Make It Stick: The Science of Successful Learning - Strategies to Support Your Examination Success
"What ever you set your sights on doing or becoming, if you want to be a contender, it is mastering the ability to learn that will get you in the game and keep you there.”
If you want to learn more about effective study skills please read on by referring to the attachments (PDF)
The MFG and Sixth Form Teaching and Learning Book Club have been exploring current research into how to acquire effective study skills to further support student learning and confidence in preparing for linear examination success.
Studies have discovered:
- Some kinds of difficulties during learning help to make the learning stronger and better remembered
- When learning is easy it is often superficial and soon forgotten
- Not all intellectual abilities are innate. In fact when learning is “effortful”, it changes the brain, making new connections and increasing intellectual ability.
- You learn better when you wrestle with new problems before being shown the solution, rather than the other way around
- To achieve excellence in any sphere, you must strive to surpass your current level of ability.
- Striving, by its nature, often results in setbacks, and setbacks are often what provide the essential information needed to adjust strategies to achieve mastery.
According to Paul C Brown et al in ‘Make It Stick: The Science of Successful Learning’, specific study skills are proven to be particularly helpful for students:
Self-quizzing is about retrieving knowledge and skills from memory and is far more effective than simply re-reading. When you read a text or study notes, pause periodically to ask questions – without looking in the text – such as:
• What are the key ideas?
• What terms or ideas are new to me? How would I define them?
• How do the ideas in this text relate to what I already know?
You should set aside time every week to quiz yourself on the current week’s work and the material covered in prior weeks. Once you have self-quizzed, check your answers and make sure you have an accurate understanding of what you know and what you don’t know. Know that making mistakes will not set you back, so long as you check answers later and correct any errors.
You should space out retrieval practice. This means studying information more than once and leaving increasingly large gaps between practice sessions. Initially, new material should be revisited within a day or so then not again for several days or a week. When you are feeling more confident about certain material, quiz yourself on it again.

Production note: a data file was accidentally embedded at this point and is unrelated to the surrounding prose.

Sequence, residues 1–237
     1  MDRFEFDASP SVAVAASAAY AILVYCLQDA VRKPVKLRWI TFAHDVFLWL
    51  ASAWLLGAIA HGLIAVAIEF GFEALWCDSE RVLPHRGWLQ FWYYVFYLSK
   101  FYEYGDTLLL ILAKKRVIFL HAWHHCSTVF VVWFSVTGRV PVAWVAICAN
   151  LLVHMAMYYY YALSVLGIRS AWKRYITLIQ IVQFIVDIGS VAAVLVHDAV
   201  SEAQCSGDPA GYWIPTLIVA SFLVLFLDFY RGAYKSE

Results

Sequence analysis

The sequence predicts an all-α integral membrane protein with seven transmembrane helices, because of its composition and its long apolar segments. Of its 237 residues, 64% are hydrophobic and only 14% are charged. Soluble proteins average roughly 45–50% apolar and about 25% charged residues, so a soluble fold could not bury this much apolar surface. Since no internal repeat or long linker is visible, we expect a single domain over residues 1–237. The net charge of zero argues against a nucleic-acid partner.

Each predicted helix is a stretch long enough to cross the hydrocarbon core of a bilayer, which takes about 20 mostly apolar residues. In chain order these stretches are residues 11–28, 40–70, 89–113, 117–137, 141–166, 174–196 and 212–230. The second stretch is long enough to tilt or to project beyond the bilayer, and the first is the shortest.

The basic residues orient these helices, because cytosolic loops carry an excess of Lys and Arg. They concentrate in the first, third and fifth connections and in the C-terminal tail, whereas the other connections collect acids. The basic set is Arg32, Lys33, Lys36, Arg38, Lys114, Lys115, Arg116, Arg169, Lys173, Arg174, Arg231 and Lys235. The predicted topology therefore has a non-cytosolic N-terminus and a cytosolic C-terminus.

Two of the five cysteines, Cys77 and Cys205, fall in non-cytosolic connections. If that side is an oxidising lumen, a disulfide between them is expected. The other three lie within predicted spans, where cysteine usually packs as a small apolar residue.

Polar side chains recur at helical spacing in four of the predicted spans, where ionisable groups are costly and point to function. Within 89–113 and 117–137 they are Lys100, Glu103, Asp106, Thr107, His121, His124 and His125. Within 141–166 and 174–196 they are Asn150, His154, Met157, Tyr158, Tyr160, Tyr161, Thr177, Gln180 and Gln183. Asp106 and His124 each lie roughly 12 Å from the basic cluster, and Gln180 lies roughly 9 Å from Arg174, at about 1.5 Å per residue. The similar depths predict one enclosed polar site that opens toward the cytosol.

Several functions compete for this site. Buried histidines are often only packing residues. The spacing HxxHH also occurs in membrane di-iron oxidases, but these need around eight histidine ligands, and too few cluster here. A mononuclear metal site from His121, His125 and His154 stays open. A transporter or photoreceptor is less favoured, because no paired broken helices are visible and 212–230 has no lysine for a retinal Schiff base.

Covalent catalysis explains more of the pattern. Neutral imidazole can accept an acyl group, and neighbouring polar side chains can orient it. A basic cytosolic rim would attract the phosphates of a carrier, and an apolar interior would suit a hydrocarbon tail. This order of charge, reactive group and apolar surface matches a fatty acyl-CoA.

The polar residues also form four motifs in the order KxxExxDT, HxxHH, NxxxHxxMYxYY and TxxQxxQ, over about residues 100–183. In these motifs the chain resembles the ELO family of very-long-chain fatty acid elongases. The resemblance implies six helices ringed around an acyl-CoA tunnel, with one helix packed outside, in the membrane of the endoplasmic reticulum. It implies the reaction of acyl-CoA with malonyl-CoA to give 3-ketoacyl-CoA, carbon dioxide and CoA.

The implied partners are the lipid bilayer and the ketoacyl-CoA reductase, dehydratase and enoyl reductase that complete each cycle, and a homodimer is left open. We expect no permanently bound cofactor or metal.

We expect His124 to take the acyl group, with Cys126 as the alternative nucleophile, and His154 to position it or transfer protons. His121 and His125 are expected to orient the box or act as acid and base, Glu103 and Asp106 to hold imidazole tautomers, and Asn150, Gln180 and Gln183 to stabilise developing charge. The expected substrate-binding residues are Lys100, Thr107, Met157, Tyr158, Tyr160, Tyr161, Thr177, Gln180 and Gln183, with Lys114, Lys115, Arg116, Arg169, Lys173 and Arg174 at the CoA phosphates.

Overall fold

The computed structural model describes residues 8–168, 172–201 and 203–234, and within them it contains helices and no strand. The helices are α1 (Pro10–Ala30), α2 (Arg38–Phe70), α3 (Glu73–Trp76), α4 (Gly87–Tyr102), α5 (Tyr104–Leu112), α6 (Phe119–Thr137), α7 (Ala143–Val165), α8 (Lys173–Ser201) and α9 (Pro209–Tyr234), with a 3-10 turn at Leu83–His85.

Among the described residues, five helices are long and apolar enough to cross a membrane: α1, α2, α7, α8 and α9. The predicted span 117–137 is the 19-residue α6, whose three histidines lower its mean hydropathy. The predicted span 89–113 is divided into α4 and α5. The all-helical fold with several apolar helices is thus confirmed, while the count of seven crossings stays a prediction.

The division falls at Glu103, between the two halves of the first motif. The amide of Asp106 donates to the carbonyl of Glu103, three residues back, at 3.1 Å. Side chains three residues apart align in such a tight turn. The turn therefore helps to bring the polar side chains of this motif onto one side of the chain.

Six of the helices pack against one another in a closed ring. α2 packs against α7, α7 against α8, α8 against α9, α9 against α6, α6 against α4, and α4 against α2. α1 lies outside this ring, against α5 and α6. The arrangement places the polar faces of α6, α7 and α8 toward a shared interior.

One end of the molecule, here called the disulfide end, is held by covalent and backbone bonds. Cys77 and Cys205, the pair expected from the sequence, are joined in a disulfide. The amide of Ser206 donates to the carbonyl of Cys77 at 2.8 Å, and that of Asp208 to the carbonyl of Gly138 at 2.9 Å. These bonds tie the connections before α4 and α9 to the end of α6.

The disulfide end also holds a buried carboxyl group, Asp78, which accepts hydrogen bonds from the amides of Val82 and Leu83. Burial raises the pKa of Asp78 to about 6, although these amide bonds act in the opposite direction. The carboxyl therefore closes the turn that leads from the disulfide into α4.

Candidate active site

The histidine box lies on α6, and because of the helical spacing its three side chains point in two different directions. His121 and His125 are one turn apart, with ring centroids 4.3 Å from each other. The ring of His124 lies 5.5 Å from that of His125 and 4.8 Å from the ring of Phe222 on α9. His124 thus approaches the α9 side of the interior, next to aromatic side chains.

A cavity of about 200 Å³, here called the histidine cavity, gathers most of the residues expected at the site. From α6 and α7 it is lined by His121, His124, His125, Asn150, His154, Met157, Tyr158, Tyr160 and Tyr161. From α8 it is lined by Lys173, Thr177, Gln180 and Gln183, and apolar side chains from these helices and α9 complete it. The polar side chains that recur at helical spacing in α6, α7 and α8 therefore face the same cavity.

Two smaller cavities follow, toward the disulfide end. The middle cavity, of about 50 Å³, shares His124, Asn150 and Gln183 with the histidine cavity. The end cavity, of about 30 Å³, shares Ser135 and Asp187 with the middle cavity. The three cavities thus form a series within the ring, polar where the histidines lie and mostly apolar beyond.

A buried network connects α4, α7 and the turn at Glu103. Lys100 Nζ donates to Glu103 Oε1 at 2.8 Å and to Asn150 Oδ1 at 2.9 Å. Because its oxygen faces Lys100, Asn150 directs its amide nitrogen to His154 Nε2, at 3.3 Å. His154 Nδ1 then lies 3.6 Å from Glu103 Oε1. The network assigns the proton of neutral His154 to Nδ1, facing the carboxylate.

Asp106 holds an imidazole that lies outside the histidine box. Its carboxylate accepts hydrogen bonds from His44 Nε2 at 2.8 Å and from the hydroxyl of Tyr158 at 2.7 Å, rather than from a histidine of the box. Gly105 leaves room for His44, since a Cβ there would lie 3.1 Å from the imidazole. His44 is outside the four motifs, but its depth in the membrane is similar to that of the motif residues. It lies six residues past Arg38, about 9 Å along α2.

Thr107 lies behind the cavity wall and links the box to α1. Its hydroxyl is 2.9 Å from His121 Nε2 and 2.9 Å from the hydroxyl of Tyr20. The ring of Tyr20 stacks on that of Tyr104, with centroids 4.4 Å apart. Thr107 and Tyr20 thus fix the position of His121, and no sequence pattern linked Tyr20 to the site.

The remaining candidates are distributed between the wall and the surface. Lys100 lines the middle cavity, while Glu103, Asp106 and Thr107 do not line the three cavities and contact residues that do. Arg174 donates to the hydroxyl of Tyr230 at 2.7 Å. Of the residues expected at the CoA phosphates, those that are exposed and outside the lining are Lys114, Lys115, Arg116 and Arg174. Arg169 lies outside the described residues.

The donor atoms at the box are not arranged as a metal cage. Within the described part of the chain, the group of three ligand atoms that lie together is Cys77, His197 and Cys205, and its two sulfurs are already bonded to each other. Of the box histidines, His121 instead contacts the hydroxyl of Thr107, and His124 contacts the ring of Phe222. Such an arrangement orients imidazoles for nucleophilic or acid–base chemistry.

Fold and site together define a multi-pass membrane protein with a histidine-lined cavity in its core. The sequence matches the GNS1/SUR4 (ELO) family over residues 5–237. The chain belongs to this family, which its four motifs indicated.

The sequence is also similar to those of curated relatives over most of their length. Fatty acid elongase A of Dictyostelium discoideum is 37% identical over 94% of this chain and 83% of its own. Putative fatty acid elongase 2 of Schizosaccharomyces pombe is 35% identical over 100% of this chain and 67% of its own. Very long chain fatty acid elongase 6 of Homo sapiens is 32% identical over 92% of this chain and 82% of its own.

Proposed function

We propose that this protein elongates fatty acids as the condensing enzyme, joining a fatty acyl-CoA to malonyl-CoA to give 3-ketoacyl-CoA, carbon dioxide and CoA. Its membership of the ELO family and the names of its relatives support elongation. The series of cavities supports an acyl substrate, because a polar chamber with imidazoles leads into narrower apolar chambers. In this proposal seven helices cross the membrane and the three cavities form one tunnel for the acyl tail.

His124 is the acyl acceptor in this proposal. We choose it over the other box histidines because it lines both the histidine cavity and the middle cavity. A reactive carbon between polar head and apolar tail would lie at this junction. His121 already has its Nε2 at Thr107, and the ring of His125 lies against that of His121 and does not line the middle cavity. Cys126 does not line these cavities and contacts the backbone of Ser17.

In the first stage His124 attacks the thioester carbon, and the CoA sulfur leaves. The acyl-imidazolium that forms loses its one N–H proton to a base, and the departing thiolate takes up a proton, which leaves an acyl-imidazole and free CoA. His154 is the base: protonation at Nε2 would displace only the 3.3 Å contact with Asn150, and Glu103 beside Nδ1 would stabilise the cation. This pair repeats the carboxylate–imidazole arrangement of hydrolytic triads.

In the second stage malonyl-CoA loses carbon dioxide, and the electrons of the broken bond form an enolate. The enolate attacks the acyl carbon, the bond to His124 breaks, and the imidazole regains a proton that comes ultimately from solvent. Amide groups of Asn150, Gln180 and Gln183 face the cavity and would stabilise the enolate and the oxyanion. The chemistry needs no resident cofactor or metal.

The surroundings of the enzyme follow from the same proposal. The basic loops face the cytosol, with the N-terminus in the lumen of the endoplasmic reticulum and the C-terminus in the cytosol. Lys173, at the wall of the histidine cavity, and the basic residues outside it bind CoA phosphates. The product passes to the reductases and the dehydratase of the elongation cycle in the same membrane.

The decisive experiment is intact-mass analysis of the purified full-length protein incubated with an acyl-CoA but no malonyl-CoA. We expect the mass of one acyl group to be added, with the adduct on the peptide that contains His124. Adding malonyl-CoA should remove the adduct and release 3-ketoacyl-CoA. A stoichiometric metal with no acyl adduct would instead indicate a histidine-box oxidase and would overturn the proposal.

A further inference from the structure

Interleave the study of two or more topics so that alternating between them requires you to continually refresh your memories of each topic.
Testing helps calibrate our judgements of what we have learned and where we need to focus to bring up our mastery. In virtually all areas of life you build better mastery when you use testing as a tool to identify and bring up your areas of weakness. You need to think of testing as practicing retrieval of learning from memory –testing is a tool for learning.
Elaboration is the process of finding additional layers of meaning in new material. It involves relating new material to what you already know, explaining it to somebody else, or explaining how it relates to the wider world. An effective form of elaboration is to use a metaphor or image for the new material.
Generation is when you attempt to answer a question or solve a problem before being shown the answer or the solution. The act of filling in a missing word (the cloze test) results in better learning and a stronger memory of the text than simply reading the text. Before reading new class material, identify/explain the key ideas you expect to find and how you expect these ideas will relate to your prior knowledge.
Reflection involves taking a moment to review what has been learned. Ask questions such as:
• What went well? What could have gone better?
• What other knowledge or experience does it remind me of?
• What might I need to learn in order to achieve better mastery?
• What strategies could I use next time to get better results?
Calibration is achieved when you adjust your judgment to reflect reality – in other words, you become certain that your sense of what you know and can do is accurate. Often when we revise information, we look at a question and convince ourselves that we know the answer, then move on to the next question without making an effort to actually answer the previous one.
If you do not write down an answer, you may create the illusion of knowing when in fact you would have difficulty giving a response. You need to remove the illusion of knowing and actually answer all the questions even if you think you know the answer and that it is too easy.
Use quizzes and tests to see whether you know as much as you think you do. Check your answers in tests, and focus your studying effort on the areas where you are not up to scratch.
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